If Shirley MacLaine is history's most prominent understudy, Sutton Foster is probably the most famous from recent memory. She had appeared on Broadway in Grease, Les Misérables, Annie and The Scarlet Pimpernel, but she was originally hired as the understudy to leading lady Millie Dillmount in Thoroughly Modern Millie. The role was originally to be played by Kristin Chenoweth, who ended up turning it down in favor of a sitcom deal. Erin Dilly next signed on, but left during the out-of-town rehearsal process due to creative differences with the production team. The then-unknown Foster was promoted to full-time Millie for the out of town tryout in La Jolla, and she created the role on Broadway as well. Completing this modern-day Peggy Sawyer story, Foster went on to win a Tony Award for her performance.
Foster is now one of Broadway's brightest stars, having gone on to head up the companies of Little Women, The Drowsy Chaperone, Young Frankenstein, Shrek the Musical, Anything Goes and last season's Violet. This summer, she will appear in the Encores! Off-Center production of The Wild Party.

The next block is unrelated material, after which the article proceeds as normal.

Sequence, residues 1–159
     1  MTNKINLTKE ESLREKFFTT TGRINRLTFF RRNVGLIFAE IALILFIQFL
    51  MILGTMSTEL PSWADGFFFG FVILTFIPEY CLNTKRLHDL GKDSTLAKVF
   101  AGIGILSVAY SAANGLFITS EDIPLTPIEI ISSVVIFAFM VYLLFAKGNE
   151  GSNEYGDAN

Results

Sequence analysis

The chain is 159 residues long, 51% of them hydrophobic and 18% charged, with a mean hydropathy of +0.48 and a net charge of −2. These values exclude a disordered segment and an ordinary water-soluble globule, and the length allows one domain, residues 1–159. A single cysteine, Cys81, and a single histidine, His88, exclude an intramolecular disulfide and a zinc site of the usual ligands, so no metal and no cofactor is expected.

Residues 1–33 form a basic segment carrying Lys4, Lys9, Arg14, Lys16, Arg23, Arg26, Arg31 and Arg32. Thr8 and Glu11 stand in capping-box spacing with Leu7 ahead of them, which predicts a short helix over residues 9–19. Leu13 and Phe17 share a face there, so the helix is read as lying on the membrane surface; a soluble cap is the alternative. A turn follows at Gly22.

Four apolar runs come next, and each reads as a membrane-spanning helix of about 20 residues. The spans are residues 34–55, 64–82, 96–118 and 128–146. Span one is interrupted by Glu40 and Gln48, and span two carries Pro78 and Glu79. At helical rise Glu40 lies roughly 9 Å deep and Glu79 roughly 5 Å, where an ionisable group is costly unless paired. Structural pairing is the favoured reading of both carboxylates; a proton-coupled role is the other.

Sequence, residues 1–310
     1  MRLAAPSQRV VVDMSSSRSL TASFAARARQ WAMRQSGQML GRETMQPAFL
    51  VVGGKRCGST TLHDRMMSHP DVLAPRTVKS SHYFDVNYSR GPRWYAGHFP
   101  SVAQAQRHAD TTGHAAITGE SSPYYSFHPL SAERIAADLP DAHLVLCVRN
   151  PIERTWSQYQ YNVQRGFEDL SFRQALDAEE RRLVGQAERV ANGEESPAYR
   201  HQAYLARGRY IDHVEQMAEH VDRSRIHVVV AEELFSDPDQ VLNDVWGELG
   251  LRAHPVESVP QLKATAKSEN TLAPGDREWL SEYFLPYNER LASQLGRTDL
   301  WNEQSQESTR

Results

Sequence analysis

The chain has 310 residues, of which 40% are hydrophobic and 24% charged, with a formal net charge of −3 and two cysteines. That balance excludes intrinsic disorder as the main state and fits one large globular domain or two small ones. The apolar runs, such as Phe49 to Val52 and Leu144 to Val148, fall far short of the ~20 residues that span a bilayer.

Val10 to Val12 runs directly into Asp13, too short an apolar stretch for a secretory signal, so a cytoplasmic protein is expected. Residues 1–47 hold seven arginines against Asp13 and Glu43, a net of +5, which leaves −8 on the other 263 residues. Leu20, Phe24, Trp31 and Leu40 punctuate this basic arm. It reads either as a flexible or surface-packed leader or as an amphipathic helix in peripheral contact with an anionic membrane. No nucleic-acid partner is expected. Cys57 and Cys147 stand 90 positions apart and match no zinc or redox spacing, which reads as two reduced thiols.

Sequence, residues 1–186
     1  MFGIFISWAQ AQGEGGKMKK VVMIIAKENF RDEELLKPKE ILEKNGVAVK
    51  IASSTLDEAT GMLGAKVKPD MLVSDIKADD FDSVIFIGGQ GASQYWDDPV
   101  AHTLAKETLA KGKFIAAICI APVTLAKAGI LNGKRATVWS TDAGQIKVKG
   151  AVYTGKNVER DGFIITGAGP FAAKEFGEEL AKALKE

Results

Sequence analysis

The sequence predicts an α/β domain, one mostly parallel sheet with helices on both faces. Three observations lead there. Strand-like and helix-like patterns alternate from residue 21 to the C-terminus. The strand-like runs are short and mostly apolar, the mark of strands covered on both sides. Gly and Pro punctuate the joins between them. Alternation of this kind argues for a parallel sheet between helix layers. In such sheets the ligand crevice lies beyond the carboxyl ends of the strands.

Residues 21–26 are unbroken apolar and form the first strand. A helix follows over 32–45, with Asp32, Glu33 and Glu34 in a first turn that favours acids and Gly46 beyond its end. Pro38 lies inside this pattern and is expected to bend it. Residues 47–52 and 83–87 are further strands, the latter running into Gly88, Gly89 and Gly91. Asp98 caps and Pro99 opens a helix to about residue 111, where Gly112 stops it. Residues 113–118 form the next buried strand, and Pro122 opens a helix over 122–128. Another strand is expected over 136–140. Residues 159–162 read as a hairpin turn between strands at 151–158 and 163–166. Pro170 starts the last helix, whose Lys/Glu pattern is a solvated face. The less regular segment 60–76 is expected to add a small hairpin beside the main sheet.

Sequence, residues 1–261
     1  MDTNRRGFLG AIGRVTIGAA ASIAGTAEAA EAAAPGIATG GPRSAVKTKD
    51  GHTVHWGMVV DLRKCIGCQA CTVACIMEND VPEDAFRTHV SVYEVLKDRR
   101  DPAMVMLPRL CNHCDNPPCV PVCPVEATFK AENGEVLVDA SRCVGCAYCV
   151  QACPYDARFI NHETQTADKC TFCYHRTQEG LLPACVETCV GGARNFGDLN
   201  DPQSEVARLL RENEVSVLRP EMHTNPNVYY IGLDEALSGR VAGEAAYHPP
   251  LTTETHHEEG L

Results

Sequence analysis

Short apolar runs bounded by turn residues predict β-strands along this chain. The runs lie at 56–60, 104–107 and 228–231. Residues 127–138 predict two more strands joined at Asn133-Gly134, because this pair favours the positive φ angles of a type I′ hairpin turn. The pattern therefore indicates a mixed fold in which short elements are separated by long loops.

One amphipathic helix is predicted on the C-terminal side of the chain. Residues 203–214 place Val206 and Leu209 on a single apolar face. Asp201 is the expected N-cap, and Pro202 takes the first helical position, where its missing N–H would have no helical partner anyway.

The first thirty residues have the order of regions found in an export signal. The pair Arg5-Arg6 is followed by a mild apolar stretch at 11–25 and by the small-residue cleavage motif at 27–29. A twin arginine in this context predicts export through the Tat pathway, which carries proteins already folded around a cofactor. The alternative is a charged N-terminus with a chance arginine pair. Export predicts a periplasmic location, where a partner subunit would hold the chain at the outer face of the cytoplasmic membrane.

3. Bernadette Peters, Gypsy
At the tender age of 13, Bernadette Peters was a Hollywood Blonde and the Dainty June understudy in the second national tour of Gypsy, thus beginning a long association with the work of Stephen Sondheim. The story would end there except for the fact that for many years Peters' bio listed Dainty June as a credit — no mention of being an understudy. Peters took the occasion of her 1996 Carnegie Hall concert (recorded as "Sondheim, Etc.") to set the record straight, saying the lie had been her mother's idea. She apologized to the actress that actually played Dainty June, Susie Martin, who appears not to have performed since the early 1960s.
Peters, on the other hand, went on to success on stage and in movies, winning Tony Awards for Song and Dance and Annie Get Your Gun.
4. Matthew Morrison, Footloose
Matthew Morrison made his Broadway debut as a replacement ensemble member and understudy in Footloose. Following his time with the Broadway company, Morrison took on the role of Chuck full-time for the national tour, where he also understudied the leading role of Ren.
Morrison was also initially cast as the Link Larkin understudy in Hairspray. When James Carpinello, who had been originally hired for the part, left the production during the rehearsal process, Marissa Jaret Winokur, who played Tracy, lobbied for Morrison to be promoted to full-time Link. Ultimately, the creative team chose to go with Morrison, who created the role on Broadway.